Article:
‘The first choice of Kashmiris,’ veteran Congress leader Saifuddin Soz has reportedly said to whoever was listening, ‘is independence.’
Saying It Like Soz.
The statement has been greeted with the proverbial storm in several kahwa cups, the BJP delightedly seizing yet another opportunity to attack a gob-smacked Congress, trying to figure out how to put some distance between itself and another of its leaders who’s fallen into a rhetorical pothole. Meanwhile, a flurry of voices has broken out online, from those demanding to send Soz on a one-way ticket to Pakistan, to others who appear to want to accompany him.
But the whole ‘reaction to Soz’ is unnecessary.
It is also the cruelest joke on the people of Kashmir.
There is a simple reason – ‘independence’ is the debit card issued by a very particular ‘Bank of Kashmir’.
This ‘Bank of Kashmir’ has few but rather special clients. These include politicians from the state – relatively easy to bank on, given that the state has two major parties, each controlled by political families and friends. Both parties have a jealously guarded interest in keeping Kashmir closed-off, clutched close to their beautifully-dressed selves. The less Kashmir is truly free, the more the power of these parties.
Such fun parties! It actually suits all its political players to keep Kashmir closed-off.
The second lot to be serviced by the 'Bank of Kashmir' is the separatists – led by Syed Ali Shah Geelani (the ancient mariner of the Valley, who sits metaphorically upon its shoulders, slowly choking it), Mirwaiz Umar Farooq, whose bespectacled looks distract you from the violence he has reportedly influenced, and Yasin Malik who looks exactly what he apparently is – a cheap sadak-type thug.
Separatists also have accounts with the 'Bank of Kashmir'.
None of these blokes is very pretty to see – but then, they are useful not because of their looks.
They are useful as they apparently answer Pakistan’s every beck and call, stir the independence/militancy/jihadi violence pot, produce strikes and stone-pelters on the streets, look after slain militants’ families, provide rent-a-mob services to whoever can pay premium rates.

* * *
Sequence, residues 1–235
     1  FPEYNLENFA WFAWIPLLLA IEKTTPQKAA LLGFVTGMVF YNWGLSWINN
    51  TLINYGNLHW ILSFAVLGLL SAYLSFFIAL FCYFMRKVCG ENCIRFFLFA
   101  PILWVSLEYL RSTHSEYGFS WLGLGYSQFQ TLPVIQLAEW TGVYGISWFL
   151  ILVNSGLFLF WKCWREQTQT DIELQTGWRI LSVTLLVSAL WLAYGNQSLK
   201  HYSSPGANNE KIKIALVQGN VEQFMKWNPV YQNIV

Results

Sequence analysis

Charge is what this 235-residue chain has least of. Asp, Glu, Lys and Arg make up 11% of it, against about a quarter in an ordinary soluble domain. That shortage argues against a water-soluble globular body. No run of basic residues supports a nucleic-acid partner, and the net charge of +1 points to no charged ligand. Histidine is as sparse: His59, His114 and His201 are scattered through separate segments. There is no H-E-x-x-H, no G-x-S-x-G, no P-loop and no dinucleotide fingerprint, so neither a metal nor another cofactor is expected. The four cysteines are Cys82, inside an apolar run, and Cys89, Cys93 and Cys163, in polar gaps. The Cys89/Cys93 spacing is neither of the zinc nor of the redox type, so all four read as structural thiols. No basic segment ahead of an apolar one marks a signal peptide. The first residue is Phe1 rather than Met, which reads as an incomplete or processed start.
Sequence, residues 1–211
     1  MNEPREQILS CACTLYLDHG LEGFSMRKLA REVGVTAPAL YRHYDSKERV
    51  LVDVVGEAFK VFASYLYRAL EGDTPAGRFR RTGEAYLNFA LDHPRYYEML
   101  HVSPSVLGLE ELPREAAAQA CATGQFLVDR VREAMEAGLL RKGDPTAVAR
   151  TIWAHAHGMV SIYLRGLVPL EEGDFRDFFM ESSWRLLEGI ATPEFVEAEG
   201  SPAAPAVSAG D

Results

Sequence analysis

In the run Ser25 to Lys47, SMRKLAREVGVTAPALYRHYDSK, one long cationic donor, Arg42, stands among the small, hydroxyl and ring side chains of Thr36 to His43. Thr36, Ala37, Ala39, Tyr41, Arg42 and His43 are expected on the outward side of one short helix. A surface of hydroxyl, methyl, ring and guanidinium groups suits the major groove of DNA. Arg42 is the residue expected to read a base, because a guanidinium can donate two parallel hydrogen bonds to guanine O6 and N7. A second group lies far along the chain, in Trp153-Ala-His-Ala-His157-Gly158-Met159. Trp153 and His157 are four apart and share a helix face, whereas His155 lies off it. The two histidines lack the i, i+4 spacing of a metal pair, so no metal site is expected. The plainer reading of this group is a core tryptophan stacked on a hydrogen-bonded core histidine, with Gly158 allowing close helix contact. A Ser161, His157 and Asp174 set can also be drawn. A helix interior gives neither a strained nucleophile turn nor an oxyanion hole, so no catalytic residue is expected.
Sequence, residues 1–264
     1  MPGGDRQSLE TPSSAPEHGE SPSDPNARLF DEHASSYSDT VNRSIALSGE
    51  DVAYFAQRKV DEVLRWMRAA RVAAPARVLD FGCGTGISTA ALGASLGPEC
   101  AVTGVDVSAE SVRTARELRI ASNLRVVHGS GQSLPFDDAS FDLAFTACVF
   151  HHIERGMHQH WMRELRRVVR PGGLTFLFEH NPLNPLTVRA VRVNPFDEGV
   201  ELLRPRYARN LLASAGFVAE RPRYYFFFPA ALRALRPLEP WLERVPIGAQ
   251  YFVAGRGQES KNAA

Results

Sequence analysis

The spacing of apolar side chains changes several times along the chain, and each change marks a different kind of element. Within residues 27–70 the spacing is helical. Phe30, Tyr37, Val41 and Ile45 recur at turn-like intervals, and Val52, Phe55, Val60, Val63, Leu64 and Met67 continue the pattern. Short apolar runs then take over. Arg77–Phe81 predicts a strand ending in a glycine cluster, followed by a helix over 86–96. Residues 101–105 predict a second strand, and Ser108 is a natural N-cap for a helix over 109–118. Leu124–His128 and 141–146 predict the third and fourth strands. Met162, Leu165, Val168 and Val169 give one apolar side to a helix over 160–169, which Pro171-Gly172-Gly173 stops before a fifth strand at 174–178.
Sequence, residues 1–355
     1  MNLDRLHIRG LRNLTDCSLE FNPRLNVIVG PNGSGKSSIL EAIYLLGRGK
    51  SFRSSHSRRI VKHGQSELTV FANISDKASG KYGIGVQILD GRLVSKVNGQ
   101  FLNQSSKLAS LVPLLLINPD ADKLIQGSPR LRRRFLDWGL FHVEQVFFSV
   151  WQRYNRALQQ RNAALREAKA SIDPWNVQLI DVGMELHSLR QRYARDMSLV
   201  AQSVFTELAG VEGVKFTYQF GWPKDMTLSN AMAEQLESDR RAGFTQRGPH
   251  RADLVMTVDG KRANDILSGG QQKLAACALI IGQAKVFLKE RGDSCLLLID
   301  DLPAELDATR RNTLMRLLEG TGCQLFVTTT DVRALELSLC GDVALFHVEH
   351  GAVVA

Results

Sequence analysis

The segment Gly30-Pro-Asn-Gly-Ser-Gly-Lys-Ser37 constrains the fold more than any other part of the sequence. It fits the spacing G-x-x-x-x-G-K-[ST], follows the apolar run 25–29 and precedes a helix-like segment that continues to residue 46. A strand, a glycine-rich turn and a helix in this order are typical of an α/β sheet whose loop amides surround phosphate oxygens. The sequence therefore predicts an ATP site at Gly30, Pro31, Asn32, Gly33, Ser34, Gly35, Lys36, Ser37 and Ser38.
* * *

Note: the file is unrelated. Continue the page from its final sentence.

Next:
This explains why these separatists, despite being at the forefront of some of the worst violence Kashmir has seen, are generally imprisoned in comfy 'house arrest'. It would seem to many of us that the Cellular Jail in the Andamans might be a better location for them. But instead, they’re found nestled in the comfort of their carpet-clad homes, enjoying the Indian state’s security, comforts, free bijli-paani. They will never be behind real bars for they are vital cogs in the running of the ‘Bank of Kashmir’.
The third group comprises various civil society-type ‘angels-without-wings’ – AWWs – who spend sleepless nights worrying about human rights abuses in Srinagar. They take occasional breaks from worrying though – such as when militants murder unarmed soldiers or civilians. When a shepherd is beheaded in his own backyard. When a teacher is killed for simply lingering near a security op. When a girl-band is shut down by Kashmir’s 'Grand Mufti' and its 'I’m-so-cool' chief minister doesn’t lift one finger – not even to tweet in lazy protest then.
No, the AWWs are not unduly worried about how, by backing Burhan Wanis, they are pushing Kashmir towards a Kabul-esque harakiri, towards the suicide bomber-embrace of ISIS, the public thrashings of the Taliban, the ‘liberalism’ of Laskhar, the ‘secularism’ of Hafiz Saeed.
The Taliban dispenses its 'justice' – and this is what the 'independence' brigade wants for Kashmir? (Reuters)
No, they’re not worried.
Instead, they chant 'independence'.
From what? And to what? Who knows? Who really cares?
With advocates like these, ‘independence’ is the cruelest joke that has been played on Kashmir.
While chanting ‘independence’ over all these years, the 'Bank of Kashmir' has managed to do the unthinkable. Lock up Kashmir. Throw away the keys. Imprison the state under an Article that has only put Kashmir in an aquarium of poisoned, backward ignorance, where it goggles like a stranger with memory loss at its own country, where it drowns under the waters of its unawareness and fear.
I visited Kashmir recently and was startled to see how behind the times it is.
Srinagar has one – only one – decent bookshop. It has one – only one – decent restaurant. It has one – no, none by way of cinema halls. It has no malls. No seminar halls, no lecture theatres, no coffee shops, no sidewalks, no taxi ranks, no markets, no clubs, no gardens, no lovers’ haunts, not even one shikara where a sharp fear does not prevail. The fear is two-pronged. The armed forces. And, even more, armed militants – propped up by that ever-helpful 'Bank of Kashmir'.